I think the reason that I love this passage so much is that I experienced that very thing only once in my life, and it has remained one of the most profound experiences of it. Kvothe states that there are seven words that will make a woman fall in love, and there are many possibilities within these pages but no definitive declaration. For me, they are, “I love you for who you are.”

Like it is written on the back cover jacket of this book, this “is a tale of sorrow, a tale of survival, a tale of one man’s search for meaning in his universe, and how that search, and the indomitable will that drove it, gave birth to a legend.” It’s a story that contains adventure, magic, monsters, friendship, a nemesis, romance, heroism, and heartbreak, and for me, all the best stories do.

I can’t wait to find out what happens next. 

All The Light We Cannot See by Anthony Doerr

All The Light We Cannot See

Book Review
Title: All The Light We Cannot See
Author:  Anthony Doerr
Imprint: Scribner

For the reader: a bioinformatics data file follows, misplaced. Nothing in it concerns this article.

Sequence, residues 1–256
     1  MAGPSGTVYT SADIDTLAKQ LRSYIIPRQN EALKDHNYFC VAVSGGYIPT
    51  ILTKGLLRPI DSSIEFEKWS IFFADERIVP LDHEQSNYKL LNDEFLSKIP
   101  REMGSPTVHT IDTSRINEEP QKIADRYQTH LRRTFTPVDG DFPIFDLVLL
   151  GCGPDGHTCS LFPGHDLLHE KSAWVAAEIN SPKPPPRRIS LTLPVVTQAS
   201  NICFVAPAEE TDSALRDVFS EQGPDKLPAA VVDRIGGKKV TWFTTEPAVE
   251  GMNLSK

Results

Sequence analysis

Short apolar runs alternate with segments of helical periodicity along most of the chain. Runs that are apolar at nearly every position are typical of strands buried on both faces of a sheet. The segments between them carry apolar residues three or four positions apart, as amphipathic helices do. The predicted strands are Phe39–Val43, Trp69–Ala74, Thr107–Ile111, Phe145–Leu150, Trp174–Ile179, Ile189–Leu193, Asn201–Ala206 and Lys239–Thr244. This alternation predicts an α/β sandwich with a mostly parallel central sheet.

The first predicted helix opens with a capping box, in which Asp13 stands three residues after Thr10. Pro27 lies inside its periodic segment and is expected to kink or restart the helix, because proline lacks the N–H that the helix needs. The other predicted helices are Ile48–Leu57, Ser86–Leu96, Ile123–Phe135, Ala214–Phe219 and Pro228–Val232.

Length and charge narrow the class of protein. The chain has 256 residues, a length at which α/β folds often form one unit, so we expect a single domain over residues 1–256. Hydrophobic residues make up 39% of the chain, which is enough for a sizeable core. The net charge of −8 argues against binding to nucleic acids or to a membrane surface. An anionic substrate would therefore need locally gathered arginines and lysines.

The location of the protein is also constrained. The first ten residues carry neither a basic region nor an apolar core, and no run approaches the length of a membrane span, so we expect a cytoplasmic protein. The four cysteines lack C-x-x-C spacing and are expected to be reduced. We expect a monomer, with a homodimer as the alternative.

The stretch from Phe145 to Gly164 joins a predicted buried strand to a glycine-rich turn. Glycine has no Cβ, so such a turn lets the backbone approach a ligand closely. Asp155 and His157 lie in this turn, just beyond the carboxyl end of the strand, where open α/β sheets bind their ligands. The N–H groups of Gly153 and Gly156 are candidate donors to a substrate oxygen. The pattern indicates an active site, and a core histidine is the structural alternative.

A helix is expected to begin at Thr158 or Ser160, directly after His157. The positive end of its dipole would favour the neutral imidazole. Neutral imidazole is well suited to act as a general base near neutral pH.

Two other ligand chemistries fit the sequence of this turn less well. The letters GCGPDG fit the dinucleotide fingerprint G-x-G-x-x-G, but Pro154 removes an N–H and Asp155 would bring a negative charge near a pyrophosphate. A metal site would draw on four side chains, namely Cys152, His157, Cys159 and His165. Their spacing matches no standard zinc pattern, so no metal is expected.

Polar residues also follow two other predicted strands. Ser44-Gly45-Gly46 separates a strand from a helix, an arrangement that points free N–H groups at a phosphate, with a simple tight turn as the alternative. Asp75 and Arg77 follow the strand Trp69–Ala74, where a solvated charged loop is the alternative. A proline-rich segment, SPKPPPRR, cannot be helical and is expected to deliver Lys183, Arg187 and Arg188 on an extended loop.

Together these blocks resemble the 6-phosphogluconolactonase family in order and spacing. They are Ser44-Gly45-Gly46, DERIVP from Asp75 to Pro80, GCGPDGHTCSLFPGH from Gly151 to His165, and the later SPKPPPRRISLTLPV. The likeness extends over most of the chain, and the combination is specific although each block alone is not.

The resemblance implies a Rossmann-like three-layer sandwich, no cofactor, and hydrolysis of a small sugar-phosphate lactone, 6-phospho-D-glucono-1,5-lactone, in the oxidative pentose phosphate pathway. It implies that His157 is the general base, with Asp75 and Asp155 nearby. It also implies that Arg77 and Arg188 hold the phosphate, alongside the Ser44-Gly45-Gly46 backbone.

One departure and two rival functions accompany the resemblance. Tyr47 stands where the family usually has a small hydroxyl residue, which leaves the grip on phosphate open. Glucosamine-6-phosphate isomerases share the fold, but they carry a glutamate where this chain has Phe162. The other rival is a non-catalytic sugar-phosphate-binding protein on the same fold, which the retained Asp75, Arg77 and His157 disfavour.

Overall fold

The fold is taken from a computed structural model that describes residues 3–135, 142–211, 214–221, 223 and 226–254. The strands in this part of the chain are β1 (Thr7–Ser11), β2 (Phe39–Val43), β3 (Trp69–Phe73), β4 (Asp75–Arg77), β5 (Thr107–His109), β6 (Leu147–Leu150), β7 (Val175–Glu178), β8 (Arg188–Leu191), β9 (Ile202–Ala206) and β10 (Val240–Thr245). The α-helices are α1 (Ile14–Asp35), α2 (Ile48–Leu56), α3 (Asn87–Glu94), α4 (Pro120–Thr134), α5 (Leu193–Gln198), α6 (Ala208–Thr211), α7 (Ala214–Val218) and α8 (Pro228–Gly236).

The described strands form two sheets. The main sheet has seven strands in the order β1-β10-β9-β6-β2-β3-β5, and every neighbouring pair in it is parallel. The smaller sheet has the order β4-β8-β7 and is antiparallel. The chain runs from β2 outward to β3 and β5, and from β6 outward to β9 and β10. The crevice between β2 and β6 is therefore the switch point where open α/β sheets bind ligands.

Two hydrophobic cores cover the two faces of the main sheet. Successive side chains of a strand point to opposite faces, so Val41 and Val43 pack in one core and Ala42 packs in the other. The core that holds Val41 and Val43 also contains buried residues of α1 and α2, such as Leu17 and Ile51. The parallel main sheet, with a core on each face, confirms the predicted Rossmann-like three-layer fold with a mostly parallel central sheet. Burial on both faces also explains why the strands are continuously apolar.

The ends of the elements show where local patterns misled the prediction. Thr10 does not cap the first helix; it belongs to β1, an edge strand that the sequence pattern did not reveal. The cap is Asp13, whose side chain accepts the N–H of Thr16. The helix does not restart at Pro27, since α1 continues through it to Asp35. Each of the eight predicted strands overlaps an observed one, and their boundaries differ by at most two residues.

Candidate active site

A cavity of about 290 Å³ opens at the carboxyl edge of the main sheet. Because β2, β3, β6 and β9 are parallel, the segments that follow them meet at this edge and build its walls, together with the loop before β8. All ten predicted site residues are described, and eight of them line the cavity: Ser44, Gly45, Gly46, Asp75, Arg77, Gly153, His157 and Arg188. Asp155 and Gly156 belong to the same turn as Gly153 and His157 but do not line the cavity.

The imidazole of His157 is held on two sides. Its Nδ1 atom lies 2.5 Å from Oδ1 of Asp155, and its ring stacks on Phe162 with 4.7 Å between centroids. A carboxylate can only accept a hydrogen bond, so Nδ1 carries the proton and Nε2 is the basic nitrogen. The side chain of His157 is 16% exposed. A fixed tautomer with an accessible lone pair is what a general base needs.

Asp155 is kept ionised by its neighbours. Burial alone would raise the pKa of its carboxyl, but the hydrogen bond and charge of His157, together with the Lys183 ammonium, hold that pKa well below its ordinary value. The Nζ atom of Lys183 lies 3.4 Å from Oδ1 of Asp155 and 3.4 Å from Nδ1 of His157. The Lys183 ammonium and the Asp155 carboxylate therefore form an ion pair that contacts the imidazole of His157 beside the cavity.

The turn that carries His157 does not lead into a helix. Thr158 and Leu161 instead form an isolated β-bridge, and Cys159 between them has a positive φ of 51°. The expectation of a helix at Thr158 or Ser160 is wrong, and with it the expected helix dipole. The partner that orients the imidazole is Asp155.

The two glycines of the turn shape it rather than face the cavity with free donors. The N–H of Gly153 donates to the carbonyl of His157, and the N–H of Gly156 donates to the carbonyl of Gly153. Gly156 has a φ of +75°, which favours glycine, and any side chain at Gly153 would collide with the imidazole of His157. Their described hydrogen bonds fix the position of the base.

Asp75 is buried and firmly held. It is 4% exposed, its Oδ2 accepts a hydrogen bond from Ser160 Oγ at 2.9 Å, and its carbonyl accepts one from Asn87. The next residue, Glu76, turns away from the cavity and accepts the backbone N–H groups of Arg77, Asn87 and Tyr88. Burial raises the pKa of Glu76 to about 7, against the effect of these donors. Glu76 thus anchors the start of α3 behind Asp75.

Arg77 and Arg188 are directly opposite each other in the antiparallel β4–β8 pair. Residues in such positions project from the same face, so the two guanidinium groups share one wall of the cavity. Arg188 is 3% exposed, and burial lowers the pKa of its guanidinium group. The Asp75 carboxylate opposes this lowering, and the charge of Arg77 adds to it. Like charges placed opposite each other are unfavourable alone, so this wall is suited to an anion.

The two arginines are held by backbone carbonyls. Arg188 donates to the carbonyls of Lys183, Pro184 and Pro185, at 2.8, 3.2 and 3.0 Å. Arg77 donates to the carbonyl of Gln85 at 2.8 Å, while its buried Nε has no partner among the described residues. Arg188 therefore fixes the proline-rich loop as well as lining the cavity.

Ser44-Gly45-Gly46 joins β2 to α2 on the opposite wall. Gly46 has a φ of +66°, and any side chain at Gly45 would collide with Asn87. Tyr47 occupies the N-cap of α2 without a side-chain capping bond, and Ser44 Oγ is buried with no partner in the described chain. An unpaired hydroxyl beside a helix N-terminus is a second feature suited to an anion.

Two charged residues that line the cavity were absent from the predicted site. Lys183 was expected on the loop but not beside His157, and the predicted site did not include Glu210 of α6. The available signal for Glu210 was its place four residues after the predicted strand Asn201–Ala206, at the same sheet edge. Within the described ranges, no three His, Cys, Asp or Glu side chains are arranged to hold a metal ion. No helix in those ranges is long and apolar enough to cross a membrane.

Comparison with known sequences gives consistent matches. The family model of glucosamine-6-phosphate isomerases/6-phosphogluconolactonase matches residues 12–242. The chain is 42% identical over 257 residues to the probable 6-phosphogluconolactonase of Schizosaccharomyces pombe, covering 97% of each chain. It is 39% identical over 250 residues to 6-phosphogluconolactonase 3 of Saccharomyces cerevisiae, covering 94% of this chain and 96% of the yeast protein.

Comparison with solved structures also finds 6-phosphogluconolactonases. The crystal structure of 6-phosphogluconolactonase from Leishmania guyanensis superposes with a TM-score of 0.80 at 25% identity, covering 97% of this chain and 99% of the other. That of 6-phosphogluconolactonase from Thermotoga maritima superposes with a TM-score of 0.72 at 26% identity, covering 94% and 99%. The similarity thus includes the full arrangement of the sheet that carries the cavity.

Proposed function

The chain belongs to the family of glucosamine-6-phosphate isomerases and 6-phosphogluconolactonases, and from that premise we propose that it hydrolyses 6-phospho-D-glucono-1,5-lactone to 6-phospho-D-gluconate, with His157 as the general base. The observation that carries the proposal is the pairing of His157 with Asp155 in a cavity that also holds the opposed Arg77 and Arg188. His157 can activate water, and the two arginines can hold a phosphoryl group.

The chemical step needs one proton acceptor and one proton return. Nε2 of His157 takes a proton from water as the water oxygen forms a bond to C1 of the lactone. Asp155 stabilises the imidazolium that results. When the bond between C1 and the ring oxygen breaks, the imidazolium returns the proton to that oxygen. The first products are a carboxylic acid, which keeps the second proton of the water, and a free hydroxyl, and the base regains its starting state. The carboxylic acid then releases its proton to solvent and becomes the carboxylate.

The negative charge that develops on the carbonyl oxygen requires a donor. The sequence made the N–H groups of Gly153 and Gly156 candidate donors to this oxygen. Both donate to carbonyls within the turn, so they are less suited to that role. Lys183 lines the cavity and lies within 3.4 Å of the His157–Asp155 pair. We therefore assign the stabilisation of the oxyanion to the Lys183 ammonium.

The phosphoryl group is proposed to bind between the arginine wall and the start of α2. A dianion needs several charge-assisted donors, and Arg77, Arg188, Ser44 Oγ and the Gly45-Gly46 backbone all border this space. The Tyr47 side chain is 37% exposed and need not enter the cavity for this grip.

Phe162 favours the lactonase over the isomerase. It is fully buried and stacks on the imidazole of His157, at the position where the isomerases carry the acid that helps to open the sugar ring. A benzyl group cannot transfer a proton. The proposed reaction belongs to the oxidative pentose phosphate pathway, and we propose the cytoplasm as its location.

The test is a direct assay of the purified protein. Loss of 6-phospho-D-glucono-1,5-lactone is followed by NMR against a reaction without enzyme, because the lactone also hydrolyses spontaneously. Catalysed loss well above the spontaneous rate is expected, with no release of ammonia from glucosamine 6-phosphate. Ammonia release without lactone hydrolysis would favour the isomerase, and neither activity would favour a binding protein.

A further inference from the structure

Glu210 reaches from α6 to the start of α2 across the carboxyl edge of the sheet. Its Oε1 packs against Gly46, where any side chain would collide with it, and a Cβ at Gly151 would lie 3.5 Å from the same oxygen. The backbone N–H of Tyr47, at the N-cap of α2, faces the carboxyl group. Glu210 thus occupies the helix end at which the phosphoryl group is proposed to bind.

Published: 2014
Pages: 544
ISBN: 978-1-5011-0456-5
Stars:  4.0

I am not usually drawn to novels set during World War II.  Maybe it’s because I am half German, and have no desire whatsoever to read anything about Hitler, particularly now that we are living in a political climate fuelled by a buffoon dictator just south of the border, in 2017. I do, however, love stories set in Paris, which is why I decided to give this book a try, although it was also enthusiastically recommended to me by my good friend Deborah Ledon who did not steer me wrong with her last recommendation.
 
All The Light We Cannot See by Anthony Doerr, the Pulitzer Prize-winning 2014 novel, is a work of art in more ways than one.  Each short chapter is like a photograph come to life, filled with colour, texture, and light, revealing one image, a small piece of the story. Doerr’s prose is so beautiful that we cannot put the book down for wanting to experience, with all of our senses, that next piece of the story. And all of our senses are heightened as we do.
 
The book begins on 7 August 1944 as Germany is bombing France, or more specifically, Saint-Malo, France, as a 16-year-old blind girl named Marie-Laure LeBlanc kneels over a table at Number 4 rue Vauborel, holding a model of the city in miniature. She knows every centimetre of the model by touch and has memorized its street names. She can hear the bombers, who are three miles away, approaching Saint-Malo.